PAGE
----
Perfume Paperback – Apr 1 2010
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Top Customer Reviews
The first part of the book establishes that he was born to a woman who was hung from a gibbet for having left him to die. It turns out that Jean-Baptiste is an unusual baby. He gives people the willies, because, unlike most babies, Jean-Baptiste has no scent.
Over time, Jean-Baptiste develops into a boy with a secret gift. His olfactory sense is developed to a degree unheard of in humans. He delights in parsing the odors around him. Ugly, friendless, and a loner, he eventually ventures into the city of Paris, a malodorous and pungent cornucopia of smells. Believe me, there is plenty to sniff out in eighteenth century Paris! Jean-Baptiste savors each whiff, and the book conveys these olfactory delights with meticulous, descriptive precision.
His bleak existence is transformed, however, when he one day captures a heady scent of such exquisite beauty that he finds himself obsessed with it. Determined to have that scent at all costs, he eventually sniffs it out. It turns out to be the scent of a young virgin on the cusp of flowering into a woman. It is a scent that he must possess. What he does to do so will surely chill the reader.
Jean-Baptiste eventually maneuvers to get himself apprenticed to a perfumer, so that he can have the opportunity to learn the trade and create scents. He leads a bleak existence, subsisting as little more than a slave to the perfumer for whom he works.Read more ›
The story begins with the birth of Jean Baptiste-Grenouille. He is left to die by his mother as she delivers him in her stall at the farmer's market. Grenouille has to be one of the strangest characters ever created. He is repulsive to all his caretakers and is likened by the author to a tick. Grenouille is born with a phenomonal sense of smell but, alas, has no smell of his own.
The reader follows Grenouille through his life and his search for the perfect smell that will make him more human, make him loved and ultimately accepted. Here the plot twists and turns into the most unlikely and downright strange scenarios I have ever read, concluding with what one can only describe as the most unbelieveable ending of all time.
The writing is superb and it is the only reason I continued to read such a convoluted tale. The historical detail and recreation of eighteenth century France was phenomenal. The attention to the smells of that period was nothing short of amazing. Patrick Suskind has written an amazingly odd story that you will not likely read any where else.
The story unfolds effortlessly and you are made to simply accept Grenouille's unique gift, life-long obsession and bittersweet curse. Olfaction is a mysterious sense to begin with. It is atavistic, inescapably emotional and resistant to mnemonic recall. And Suskind expertly builds on these fleeing attributes a robust story, one that brings to mind first experiences and reticent desires and concealed fears.
The book is not only majestic but it is also set in a biblical-like footing. The protagonist treads through life like a forgettable ghost. Then he goes into an intense self-exile, fasting in a cave before coming into the wold to fulfill his mission. And even though his mission is as ethereal and ephemeral as a passing scent, no one will be able to forget him.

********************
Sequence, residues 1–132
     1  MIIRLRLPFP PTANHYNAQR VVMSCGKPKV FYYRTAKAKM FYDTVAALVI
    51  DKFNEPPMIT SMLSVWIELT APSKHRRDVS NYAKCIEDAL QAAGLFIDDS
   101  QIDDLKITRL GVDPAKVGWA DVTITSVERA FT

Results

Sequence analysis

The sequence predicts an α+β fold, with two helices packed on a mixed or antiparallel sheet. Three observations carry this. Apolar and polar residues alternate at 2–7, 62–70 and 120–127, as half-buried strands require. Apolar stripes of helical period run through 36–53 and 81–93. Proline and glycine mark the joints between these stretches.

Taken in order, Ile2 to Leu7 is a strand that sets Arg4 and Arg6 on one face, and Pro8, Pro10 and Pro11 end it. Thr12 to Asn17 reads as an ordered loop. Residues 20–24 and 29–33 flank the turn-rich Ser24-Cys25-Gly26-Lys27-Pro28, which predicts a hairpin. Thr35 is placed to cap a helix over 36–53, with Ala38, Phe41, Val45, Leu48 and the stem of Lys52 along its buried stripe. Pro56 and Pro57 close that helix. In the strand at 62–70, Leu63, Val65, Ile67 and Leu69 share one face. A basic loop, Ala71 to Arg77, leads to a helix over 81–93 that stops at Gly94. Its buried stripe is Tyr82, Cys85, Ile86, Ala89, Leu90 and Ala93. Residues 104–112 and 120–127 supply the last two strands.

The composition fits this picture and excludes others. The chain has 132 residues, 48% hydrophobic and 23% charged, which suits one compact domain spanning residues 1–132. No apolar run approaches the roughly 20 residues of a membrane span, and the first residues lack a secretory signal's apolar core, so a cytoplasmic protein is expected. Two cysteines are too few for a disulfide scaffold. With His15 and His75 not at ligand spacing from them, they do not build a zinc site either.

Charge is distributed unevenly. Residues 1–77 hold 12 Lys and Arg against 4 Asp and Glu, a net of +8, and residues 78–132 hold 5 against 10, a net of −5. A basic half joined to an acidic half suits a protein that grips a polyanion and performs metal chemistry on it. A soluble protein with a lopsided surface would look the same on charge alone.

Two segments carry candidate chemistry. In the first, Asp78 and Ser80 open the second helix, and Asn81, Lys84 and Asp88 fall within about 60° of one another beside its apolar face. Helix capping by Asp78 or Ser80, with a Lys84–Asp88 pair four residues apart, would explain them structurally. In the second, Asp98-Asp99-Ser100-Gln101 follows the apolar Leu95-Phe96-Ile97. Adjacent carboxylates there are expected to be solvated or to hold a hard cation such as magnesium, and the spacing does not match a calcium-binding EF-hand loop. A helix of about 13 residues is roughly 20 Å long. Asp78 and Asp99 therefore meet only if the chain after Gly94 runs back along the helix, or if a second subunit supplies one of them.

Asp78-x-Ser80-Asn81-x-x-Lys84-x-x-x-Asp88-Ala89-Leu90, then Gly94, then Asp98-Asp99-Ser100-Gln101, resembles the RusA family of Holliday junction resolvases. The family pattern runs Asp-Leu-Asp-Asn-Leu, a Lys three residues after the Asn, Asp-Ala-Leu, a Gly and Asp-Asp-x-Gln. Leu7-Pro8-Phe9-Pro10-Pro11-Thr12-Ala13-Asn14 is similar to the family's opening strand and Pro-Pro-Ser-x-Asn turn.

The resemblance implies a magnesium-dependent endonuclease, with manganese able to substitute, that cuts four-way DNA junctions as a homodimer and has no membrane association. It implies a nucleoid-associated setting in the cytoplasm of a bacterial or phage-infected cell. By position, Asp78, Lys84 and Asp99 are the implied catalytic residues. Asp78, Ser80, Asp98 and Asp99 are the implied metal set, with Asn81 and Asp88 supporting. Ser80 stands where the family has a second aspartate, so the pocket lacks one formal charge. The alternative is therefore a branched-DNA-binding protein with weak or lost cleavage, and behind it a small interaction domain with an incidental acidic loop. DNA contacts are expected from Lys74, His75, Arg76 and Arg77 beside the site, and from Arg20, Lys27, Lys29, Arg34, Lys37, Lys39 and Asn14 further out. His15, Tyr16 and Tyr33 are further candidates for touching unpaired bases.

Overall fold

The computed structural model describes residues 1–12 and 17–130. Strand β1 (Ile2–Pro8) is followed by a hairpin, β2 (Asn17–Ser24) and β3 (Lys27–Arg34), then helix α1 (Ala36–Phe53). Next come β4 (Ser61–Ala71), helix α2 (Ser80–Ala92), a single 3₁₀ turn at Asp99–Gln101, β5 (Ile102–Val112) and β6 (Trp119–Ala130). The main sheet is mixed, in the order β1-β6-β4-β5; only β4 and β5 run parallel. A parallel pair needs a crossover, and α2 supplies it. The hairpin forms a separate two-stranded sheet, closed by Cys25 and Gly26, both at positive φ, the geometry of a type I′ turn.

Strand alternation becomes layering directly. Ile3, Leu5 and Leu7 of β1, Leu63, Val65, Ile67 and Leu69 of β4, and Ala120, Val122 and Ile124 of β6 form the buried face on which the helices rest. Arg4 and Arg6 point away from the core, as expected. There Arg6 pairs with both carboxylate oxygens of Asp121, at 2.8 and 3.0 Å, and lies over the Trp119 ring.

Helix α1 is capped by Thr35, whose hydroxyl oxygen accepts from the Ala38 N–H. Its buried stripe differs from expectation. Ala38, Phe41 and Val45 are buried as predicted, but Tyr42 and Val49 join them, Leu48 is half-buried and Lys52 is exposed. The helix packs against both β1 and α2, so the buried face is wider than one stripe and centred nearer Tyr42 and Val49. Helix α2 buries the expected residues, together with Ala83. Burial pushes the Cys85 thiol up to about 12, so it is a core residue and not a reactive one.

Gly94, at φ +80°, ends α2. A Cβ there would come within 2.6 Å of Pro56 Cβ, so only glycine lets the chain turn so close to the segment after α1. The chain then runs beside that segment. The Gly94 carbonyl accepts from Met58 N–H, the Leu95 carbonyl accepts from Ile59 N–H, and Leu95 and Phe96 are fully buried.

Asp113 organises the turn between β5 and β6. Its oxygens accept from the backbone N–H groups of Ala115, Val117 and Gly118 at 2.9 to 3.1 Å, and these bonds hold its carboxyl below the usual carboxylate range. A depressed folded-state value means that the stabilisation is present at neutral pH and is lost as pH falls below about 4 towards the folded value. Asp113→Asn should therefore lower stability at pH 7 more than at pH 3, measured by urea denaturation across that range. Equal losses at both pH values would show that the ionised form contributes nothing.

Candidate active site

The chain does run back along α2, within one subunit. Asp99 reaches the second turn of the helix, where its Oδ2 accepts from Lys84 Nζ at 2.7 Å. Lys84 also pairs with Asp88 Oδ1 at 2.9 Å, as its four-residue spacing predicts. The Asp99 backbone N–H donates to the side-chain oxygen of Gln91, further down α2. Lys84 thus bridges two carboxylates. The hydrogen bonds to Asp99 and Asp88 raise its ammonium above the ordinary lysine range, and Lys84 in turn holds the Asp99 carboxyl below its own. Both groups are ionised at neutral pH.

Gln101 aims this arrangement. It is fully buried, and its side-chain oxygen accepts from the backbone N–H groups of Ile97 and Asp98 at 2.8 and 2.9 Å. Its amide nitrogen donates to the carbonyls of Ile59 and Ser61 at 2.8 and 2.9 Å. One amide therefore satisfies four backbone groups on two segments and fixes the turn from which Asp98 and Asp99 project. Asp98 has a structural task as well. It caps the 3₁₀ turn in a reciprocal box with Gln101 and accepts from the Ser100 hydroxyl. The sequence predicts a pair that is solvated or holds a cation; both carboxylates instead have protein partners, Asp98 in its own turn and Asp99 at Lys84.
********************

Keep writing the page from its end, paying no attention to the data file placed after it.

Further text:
The movie was a good adaptation but it does not even compare to the book.
A very unusual but gripping tale, I must say. Well written, definitely.
This is the story of Grenouille, a baby born without hopes and left on a pile of rubbish by his own mother. Certain death, especially in 1738, would be expected but does not happen. Against all odds, Grenouille survives and grows up with a very distinctive feature: his olfactory system. From infancy, no scent, no smell, unpleasant or otherwise, escapes his nostrils. He categorizes each one of them and an endless sort of data base is stored in his brain.
A very inconspicuous fellow, without distinctive features, he is able to survive in a world that has deceived him from day one. And in turn, in his profound uneasiness, he becomes the deceiver. Little by little he starts to realise that his olfactory ability is indeed something that could turn useful, one day. Something for which people would appreciate him perhaps. Real love, real affection, he does not know. Perhaps he yearns for it. But in reality, he loathes people and is comfortable in his loneliness. And one day (he's about 12 by now) he picks up a faint scent in the air that he cannot name but gives him an incredible yearning. An irresistible urge to find the source of that scent and an infallible nose lead him to that source.....
From then on, a lot else happens. And Grenouille, that fragile, plain, indistinct, shadowy and secretive being takes us from one side of France to the next on a twisted olfactory errand. It is impossible not to be awed by this very distinctive feature of his. With it, when `utilized' properly, he is able to do wonders.Read more ›
Most recent customer reviews
It's an amazing book, with a plot and a well-structured thriller . It's amazing from start to finish . With an unexpected ending . Very interesting. I recommend it.Published 12 months ago by NYManhattan
I really enjoyed the description of the scents. They really came alive for me. The translation was very well done. Now I will look forward to see if the movie can compare.Published 14 months ago by renee bellavance
Although a work of literature, this novel transcends not only its genre, but its very form. PERFUME operates as a multi-sensory experience: you smell it, taste it, grow horrified... Read morePublished on Nov. 3 2011 by Tintin
A tick is an arachnid which has eight legs and not six like Patrick Suskind described in the book. It is just a minor detail that has been annoying me every since I read the book.Published on Oct. 20 2010 by Monsieur Pie-pie